Like capital, culture must constantly revolutionize itself in order to maintain the fantasies of endless markets, and ever expansive audiences. To say that not all revolutions progress towards a horizon of liberal tolerance and democratic values is a platitude. The implications of this remark provide a more pressing question: what are the consequences of a revolution without politics?
A crowd of over 50,000 young men fills the bleachers of Comiskey Park in southwest Chicago, each one clutches a record which he has presented in exchange for a discounted entry. As the first game draws to an end, the anticipation builds; the reason this crowd has gathered is not to watch the underperforming White Sox, but rather to participate in the performance of a revolutionary break. Fans chant in unison— ‘disco sucks, disco sucks, disco sucks’— as a jeep swerves onto the field. Vinyls, fire crackers, and beer bottles fly through the air percussively crashing, and shattering as they hit the turf. This is a pastiche of war, and the enemy is popular culture. As the sun sets, a box about two meters square overfull with LPs is placed center field. This box will be burnt in an event which will come to reflect the insurgent rise of neoliberalism.
The late 70s marked an inflection point in pop music. Proceeding the release of Saturday Night Fever, and the mainstream success of musicians such as Andy Gibb, Disco had grown from underground club circuits into an unambiguous commercial success. The music once associated with gay sex and drug fueled clubbing had become domesticated and recuperated by the white American cultural center. At its hight, Disco represented the utopia of a sex delinked from virility, but these utopian values were as much a suspension of the reality of intense poverty as they were a critique of its very possibility.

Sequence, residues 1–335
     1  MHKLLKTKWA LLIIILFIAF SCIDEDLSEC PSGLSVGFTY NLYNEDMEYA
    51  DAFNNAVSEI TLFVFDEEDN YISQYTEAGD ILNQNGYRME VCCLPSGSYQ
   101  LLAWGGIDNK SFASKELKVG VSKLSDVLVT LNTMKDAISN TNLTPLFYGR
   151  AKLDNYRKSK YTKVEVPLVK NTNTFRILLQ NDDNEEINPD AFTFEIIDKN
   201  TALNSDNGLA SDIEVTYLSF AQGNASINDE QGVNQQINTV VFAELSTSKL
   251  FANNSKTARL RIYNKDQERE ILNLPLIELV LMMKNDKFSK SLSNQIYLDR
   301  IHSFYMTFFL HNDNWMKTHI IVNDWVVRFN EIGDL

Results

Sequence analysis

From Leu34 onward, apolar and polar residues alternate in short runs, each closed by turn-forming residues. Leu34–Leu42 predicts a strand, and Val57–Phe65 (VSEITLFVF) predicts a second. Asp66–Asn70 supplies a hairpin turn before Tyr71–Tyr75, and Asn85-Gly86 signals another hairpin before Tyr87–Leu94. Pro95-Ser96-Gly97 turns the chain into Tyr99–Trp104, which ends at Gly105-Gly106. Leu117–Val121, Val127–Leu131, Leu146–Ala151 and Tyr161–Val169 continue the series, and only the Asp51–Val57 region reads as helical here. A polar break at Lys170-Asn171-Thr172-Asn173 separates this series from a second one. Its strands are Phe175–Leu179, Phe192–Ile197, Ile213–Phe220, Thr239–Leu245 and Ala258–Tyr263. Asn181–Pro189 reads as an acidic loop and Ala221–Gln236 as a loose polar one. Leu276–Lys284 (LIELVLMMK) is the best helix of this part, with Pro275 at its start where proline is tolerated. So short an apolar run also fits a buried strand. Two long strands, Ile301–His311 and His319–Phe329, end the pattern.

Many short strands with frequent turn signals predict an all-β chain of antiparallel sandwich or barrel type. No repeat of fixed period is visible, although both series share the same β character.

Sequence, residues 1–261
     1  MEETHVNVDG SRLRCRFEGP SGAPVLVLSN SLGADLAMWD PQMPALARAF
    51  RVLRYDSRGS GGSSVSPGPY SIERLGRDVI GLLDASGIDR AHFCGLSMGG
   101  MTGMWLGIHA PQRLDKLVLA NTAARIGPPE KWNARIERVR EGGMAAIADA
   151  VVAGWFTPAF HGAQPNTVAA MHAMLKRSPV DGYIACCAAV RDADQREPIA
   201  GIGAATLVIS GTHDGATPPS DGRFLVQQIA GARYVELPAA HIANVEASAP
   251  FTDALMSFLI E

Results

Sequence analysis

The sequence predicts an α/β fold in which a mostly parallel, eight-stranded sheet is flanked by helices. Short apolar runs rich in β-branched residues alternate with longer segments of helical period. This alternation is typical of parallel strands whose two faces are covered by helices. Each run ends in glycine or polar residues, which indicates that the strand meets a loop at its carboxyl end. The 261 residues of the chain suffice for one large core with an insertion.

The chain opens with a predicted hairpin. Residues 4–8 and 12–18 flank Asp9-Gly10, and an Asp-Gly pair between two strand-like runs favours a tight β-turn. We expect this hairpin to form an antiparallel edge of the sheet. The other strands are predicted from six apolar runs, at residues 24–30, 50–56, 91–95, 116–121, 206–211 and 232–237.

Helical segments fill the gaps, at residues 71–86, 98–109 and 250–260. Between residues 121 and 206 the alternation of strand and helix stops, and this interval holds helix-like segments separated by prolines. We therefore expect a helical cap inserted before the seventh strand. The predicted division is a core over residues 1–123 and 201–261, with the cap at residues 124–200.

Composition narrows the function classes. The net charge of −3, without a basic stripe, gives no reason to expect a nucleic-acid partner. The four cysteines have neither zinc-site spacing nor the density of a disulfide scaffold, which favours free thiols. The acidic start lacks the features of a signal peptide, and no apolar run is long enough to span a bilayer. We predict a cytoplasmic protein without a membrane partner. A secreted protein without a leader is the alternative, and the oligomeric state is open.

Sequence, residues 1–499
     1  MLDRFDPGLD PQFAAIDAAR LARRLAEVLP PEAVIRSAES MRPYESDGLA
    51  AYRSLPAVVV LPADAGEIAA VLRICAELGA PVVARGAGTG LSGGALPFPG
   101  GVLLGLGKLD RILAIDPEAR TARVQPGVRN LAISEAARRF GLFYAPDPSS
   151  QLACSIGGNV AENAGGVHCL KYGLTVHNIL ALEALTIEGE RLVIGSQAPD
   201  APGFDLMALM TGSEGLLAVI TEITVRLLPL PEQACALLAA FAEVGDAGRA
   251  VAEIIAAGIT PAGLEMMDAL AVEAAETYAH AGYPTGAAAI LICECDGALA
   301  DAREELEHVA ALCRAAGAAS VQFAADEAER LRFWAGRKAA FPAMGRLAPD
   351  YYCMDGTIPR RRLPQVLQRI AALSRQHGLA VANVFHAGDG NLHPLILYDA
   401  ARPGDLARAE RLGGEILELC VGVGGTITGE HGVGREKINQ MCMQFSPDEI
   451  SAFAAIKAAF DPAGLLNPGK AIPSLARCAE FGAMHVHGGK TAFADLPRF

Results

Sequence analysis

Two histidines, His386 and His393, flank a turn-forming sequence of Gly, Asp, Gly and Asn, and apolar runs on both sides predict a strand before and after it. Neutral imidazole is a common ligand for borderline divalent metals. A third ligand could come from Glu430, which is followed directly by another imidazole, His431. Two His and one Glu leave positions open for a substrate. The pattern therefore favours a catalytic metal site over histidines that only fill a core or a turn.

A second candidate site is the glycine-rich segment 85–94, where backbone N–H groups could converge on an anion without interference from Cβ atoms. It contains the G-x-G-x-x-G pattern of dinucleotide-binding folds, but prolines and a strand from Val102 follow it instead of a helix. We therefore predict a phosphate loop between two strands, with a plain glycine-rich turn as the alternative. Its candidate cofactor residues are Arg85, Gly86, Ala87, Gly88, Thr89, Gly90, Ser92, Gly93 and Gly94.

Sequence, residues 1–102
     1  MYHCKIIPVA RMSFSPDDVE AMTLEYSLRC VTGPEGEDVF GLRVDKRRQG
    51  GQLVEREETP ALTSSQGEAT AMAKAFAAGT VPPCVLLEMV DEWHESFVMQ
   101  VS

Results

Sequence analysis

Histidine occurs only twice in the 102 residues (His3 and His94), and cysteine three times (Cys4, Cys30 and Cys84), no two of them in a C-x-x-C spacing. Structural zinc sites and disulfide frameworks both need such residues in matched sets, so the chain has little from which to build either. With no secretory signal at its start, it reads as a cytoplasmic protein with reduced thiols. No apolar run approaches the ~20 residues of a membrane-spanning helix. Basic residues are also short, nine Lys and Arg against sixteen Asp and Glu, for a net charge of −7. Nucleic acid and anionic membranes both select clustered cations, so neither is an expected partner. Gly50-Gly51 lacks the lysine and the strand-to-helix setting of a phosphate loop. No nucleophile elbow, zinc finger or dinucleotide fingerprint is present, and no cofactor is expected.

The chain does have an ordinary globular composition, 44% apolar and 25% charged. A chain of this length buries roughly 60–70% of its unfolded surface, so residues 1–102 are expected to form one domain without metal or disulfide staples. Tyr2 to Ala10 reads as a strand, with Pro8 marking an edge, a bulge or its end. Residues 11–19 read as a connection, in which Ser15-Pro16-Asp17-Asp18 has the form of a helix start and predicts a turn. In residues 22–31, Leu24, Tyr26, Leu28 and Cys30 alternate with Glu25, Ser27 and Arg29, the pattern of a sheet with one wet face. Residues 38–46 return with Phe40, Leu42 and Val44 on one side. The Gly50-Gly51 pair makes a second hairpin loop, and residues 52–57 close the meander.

The 1970s were also marked by the Iranian revolution, the ascendency of Ronald Regan and the expansion of new financial markets. It should be no surprise that a genre which luxuriated in its own demateriality would mirror these political developments. Simply put, politics here became increasingly less interested in the class struggle of the 1960s as it turned towards issues of personal freedoms vis-a-vis sexual liberation. Punk rock, seemingly opposed to the utopian claims of disco, presented its own problematics around revolutionism.
As the records ignite, throngs of young men fill the field. The grass is charred black, the crowd possessed by the spectacle of the burning. Is this not the moment of pure affect without content? Music must always present novelty within the daunting sameness of market capital. We are fixated by beautiful images of revolution precisely because they offer us the fantasy that there could ever be something other than the brutalities of the neoliberal economy. We are trapped by these fantasies— whether it is that of the ever extended sampled feedback of disco, or the libidinal-revolutionary performativity of a record burning. In the wake of this storm, after the ever unrealized promise of social upheaval, the only thing we can be assured is relentless novelty.
Jackson Beyda, Disco Demolition